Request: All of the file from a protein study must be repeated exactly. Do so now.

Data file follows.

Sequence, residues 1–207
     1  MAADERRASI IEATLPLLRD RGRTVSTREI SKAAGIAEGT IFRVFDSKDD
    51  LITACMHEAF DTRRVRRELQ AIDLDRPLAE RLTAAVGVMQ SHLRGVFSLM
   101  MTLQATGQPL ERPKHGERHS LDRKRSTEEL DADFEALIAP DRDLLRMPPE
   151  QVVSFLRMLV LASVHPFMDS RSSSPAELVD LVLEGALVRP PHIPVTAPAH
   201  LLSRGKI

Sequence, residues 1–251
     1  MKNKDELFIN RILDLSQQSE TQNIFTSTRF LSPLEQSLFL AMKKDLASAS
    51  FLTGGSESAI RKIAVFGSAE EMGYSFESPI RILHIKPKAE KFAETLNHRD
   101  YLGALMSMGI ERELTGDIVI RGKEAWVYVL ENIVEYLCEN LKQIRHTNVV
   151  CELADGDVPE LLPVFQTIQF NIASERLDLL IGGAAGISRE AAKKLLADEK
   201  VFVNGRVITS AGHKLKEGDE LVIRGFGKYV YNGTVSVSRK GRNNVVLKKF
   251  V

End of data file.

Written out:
Sequence, residues 1–207
     1  MAADERRASI IEATLPLLRD RGRTVSTREI SKAAGIAEGT IFRVFDSKDD
    51  LITACMHEAF DTRRVRRELQ AIDLDRPLAE RLTAAVGVMQ SHLRGVFSLM
   101  MTLQATGQPL ERPKHGERHS LDRKRSTEEL DADFEALIAP DRDLLRMPPE
   151  QVVSFLRMLV LASVHPFMDS RSSSPAELVD LVLEGALVRP PHIPVTAPAH
   201  LLSRGKI

Sequence, residues 1–251
     1  MKNKDELFIN RILDLSQQSE TQNIFTSTRF LSPLEQSLFL AMKKDLASAS
    51  FLTGGSESAI RKIAVFGSAE EMGYSFESPI RILHIKPKAE KFAETLNHRD
   101  YLGALMSMGI ERELTGDIVI RGKEAWVYVL ENIVEYLCEN LKQIRHTNVV
   151  CELADGDVPE LLPVFQTIQF NIASERLDLL IGGAAGISRE AAKKLLADEK
   201  VFVNGRVITS AGHKLKEGDE LVIRGFGKYV YNGTVSVSRK GRNNVVLKKF
   251  V